Should -3^2 be (-3)^2 or -(3^2)?  TOPIC_SOLVED

Simplificatation, evaluation, linear equations, linear graphs, linear inequalities, basic word problems, etc.

Should -3^2 be (-3)^2 or -(3^2)?

Postby Hyacinth on Tue Nov 23, 2010 2:30 am

If I see -3^2 on a math placement test, should it be (-3)^2 (which equals 9) or -(3^2) (which equals -9). I read on a math web site that it should be the latter -- that the exponent makes the parentheses around 3^2 implicit. But a an instructional algebra book I have supplies answers to problems that make it apparent that the book is going with the former situation.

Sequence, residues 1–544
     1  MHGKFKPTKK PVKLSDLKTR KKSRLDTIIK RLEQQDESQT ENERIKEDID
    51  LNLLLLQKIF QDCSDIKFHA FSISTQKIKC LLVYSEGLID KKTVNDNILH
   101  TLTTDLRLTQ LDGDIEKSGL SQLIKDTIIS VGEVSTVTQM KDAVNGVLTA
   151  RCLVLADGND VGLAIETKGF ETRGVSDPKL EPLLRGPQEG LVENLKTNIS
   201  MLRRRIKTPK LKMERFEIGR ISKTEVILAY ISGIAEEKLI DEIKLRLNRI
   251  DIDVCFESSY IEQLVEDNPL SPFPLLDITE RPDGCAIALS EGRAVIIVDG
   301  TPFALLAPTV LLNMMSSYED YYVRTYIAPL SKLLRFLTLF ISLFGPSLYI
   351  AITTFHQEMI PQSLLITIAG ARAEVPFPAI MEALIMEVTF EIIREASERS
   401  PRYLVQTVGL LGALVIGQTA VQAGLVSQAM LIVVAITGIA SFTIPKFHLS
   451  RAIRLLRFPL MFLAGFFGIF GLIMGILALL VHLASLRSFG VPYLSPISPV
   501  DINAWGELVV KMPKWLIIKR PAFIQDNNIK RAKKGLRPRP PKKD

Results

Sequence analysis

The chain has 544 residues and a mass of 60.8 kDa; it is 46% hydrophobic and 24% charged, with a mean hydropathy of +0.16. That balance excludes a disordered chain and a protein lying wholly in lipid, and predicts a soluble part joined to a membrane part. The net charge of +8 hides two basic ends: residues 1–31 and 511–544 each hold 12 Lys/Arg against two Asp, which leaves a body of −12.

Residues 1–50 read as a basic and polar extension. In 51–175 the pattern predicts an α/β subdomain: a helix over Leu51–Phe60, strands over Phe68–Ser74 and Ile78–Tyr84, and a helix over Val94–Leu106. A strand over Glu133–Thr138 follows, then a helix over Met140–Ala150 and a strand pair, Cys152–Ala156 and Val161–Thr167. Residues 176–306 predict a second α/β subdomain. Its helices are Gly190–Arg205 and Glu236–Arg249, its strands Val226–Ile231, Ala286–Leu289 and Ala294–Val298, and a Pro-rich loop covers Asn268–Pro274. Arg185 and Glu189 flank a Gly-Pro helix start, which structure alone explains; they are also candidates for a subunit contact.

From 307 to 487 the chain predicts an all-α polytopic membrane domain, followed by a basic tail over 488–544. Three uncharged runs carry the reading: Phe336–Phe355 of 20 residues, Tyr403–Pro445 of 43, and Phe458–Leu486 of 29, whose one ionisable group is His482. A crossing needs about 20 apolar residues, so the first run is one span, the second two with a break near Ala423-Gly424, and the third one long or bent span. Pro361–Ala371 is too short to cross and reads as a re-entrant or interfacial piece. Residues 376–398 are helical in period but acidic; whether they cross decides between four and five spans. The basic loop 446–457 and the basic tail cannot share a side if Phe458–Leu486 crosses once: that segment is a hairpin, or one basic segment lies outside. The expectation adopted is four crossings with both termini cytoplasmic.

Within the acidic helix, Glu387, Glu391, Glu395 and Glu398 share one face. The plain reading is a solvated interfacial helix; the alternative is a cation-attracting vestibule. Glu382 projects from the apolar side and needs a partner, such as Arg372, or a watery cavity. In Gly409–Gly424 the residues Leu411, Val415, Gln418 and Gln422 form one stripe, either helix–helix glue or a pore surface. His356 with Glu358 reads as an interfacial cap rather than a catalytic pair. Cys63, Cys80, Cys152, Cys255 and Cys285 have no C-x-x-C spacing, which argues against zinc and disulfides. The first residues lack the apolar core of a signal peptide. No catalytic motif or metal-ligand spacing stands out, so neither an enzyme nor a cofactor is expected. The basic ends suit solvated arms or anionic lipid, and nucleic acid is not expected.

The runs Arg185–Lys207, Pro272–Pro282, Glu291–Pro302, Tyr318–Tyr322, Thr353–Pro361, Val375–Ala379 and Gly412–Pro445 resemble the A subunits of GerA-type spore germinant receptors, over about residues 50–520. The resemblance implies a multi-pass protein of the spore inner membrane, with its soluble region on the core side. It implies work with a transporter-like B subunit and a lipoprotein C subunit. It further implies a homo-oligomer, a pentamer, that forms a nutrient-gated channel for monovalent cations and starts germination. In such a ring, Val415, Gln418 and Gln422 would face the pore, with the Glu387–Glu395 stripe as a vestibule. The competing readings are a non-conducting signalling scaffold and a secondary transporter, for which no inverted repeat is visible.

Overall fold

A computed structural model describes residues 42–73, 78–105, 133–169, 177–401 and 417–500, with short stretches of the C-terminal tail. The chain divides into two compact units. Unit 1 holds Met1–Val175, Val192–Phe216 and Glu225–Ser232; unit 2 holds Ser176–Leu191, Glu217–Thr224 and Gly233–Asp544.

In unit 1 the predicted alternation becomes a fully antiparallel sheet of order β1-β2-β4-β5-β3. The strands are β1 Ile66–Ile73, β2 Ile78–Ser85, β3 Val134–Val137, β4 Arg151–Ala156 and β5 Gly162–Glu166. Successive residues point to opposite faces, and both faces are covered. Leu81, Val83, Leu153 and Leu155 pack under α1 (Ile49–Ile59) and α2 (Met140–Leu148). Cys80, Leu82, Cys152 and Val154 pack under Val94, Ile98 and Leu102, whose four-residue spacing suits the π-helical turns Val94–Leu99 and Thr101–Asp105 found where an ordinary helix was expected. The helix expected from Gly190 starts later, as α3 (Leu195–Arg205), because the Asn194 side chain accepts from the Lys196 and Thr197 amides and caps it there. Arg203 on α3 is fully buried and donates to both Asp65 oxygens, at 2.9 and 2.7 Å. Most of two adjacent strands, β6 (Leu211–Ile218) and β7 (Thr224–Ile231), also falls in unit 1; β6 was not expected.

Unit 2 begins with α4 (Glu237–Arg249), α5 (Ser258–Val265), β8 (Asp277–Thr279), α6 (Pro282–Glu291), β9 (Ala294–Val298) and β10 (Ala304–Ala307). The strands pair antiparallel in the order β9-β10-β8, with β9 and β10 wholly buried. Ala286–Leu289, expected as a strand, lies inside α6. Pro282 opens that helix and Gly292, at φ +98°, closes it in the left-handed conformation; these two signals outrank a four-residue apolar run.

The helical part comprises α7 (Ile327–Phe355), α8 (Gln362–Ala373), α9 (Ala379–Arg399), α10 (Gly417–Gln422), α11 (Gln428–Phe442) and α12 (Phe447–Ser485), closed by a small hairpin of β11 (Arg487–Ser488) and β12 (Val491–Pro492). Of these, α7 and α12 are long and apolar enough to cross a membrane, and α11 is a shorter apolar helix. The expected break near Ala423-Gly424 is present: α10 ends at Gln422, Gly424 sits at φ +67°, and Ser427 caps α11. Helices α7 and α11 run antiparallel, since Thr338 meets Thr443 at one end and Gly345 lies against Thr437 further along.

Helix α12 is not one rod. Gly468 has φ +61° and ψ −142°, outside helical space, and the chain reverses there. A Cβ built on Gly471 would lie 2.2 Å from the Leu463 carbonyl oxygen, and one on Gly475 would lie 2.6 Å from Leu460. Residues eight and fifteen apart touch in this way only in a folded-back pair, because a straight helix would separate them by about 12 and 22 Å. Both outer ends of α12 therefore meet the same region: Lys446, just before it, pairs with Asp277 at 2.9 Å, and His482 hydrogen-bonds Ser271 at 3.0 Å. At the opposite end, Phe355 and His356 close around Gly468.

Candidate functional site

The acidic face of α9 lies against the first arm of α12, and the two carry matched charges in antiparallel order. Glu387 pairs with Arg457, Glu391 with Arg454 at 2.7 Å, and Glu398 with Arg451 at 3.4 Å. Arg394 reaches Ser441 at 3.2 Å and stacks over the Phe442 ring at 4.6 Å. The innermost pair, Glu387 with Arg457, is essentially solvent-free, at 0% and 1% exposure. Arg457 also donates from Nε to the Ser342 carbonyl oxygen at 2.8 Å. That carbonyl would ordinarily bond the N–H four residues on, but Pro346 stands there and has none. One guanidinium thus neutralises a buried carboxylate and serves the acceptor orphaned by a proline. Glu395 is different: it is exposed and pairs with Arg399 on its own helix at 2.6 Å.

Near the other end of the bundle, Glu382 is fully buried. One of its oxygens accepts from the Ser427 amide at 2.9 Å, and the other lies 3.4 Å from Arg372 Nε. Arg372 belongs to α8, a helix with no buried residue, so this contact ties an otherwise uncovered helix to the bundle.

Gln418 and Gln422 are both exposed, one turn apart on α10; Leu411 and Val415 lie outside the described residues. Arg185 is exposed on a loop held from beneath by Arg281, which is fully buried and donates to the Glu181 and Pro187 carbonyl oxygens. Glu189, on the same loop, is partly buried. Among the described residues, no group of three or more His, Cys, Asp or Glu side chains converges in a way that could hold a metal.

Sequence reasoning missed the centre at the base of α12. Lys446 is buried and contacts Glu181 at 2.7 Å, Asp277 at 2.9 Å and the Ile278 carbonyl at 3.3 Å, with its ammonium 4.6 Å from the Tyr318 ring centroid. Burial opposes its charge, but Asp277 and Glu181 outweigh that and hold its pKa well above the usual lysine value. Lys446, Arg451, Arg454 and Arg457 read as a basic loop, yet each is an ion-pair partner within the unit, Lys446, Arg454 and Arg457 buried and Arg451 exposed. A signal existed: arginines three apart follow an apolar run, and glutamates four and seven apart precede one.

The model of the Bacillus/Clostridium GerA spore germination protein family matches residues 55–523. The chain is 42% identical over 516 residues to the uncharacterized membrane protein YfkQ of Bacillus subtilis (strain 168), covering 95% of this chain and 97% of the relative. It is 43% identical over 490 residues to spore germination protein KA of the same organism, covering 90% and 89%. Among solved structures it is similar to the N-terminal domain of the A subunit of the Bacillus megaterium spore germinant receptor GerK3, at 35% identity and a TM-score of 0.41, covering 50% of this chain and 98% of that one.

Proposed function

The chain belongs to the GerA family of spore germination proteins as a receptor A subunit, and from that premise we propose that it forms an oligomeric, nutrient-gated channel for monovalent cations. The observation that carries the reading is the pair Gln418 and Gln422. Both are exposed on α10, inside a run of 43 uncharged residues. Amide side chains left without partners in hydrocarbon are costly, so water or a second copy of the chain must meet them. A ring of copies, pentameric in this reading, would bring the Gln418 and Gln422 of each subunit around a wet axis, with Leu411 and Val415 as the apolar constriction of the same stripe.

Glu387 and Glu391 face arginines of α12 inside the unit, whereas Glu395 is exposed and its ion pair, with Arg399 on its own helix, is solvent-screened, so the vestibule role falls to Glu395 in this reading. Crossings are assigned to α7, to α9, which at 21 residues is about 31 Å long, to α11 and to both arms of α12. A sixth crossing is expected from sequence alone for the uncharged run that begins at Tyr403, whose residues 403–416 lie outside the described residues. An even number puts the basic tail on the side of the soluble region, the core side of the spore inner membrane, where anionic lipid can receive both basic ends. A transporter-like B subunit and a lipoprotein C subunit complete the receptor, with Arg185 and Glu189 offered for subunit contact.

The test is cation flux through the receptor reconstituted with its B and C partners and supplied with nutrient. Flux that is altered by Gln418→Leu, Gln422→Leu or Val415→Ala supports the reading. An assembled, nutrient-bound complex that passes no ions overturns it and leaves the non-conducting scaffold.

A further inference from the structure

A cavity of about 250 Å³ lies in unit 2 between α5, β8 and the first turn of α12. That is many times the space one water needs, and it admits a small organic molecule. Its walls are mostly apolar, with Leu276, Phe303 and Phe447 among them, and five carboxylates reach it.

Thank you!
Hyacinth
 
Posts: 1
Joined: Tue Nov 23, 2010 2:25 am

Sponsor

Sponsor
 

  TOPIC_SOLVED

Postby stapel_eliz on Tue Nov 23, 2010 11:22 am

It should definitely be the latter! The negative of a square is a negative value! :shock:
User avatar
stapel_eliz
 
Posts: 1720
Joined: Mon Dec 08, 2008 4:22 pm

Re: Should -3^2 be (-3)^2 or -(3^2)?

Postby sio6627 on Fri Dec 10, 2010 3:45 pm

(-3)^2 however is a positive value because a negative times a negative is a positive?
(-3) * (-3) = 9

right? -- rather than - (3^2) which is - (9) = -9

-sio.
sio6627
 
Posts: 1
Joined: Fri Dec 10, 2010 3:40 pm

Postby stapel_eliz on Fri Dec 10, 2010 7:37 pm

sio6627 wrote:(-3)^2 however is a positive value because a negative times a negative is a positive?

Yes; (-3)2 = (-3)(-3) = +9. But the poster was asking about -32, which is -(32) = -(3)(3) = -9. :wink:
User avatar
stapel_eliz
 
Posts: 1720
Joined: Mon Dec 08, 2008 4:22 pm


Return to Beginning Algebra